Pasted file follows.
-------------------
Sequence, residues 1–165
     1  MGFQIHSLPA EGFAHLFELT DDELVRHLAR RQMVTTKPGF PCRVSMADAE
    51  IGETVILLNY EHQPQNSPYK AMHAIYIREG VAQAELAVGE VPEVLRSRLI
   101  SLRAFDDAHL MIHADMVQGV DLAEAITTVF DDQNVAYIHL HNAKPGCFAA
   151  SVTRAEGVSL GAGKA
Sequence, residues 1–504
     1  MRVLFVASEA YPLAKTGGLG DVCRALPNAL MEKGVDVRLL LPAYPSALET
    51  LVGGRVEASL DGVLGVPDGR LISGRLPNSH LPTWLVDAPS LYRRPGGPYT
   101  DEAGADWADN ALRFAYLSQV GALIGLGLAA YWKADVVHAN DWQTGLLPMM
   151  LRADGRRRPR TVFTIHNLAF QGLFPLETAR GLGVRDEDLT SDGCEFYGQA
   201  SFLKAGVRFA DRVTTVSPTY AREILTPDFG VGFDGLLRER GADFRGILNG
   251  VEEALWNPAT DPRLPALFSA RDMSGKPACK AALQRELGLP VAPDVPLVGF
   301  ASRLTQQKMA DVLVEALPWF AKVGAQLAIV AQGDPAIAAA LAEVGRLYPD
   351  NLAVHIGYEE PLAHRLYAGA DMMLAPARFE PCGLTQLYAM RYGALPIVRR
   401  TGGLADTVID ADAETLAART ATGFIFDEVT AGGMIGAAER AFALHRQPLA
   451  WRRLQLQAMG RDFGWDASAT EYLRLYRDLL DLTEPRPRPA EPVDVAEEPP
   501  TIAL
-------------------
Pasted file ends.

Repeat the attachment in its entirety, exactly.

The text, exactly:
Sequence, residues 1–165
     1  MGFQIHSLPA EGFAHLFELT DDELVRHLAR RQMVTTKPGF PCRVSMADAE
    51  IGETVILLNY EHQPQNSPYK AMHAIYIREG VAQAELAVGE VPEVLRSRLI
   101  SLRAFDDAHL MIHADMVQGV DLAEAITTVF DDQNVAYIHL HNAKPGCFAA
   151  SVTRAEGVSL GAGKA
Sequence, residues 1–504
     1  MRVLFVASEA YPLAKTGGLG DVCRALPNAL MEKGVDVRLL LPAYPSALET
    51  LVGGRVEASL DGVLGVPDGR LISGRLPNSH LPTWLVDAPS LYRRPGGPYT
   101  DEAGADWADN ALRFAYLSQV GALIGLGLAA YWKADVVHAN DWQTGLLPMM
   151  LRADGRRRPR TVFTIHNLAF QGLFPLETAR GLGVRDEDLT SDGCEFYGQA
   201  SFLKAGVRFA DRVTTVSPTY AREILTPDFG VGFDGLLRER GADFRGILNG
   251  VEEALWNPAT DPRLPALFSA RDMSGKPACK AALQRELGLP VAPDVPLVGF
   301  ASRLTQQKMA DVLVEALPWF AKVGAQLAIV AQGDPAIAAA LAEVGRLYPD
   351  NLAVHIGYEE PLAHRLYAGA DMMLAPARFE PCGLTQLYAM RYGALPIVRR
   401  TGGLADTVID ADAETLAART ATGFIFDEVT AGGMIGAAER AFALHRQPLA
   451  WRRLQLQAMG RDFGWDASAT EYLRLYRDLL DLTEPRPRPA EPVDVAEEPP
   501  TIAL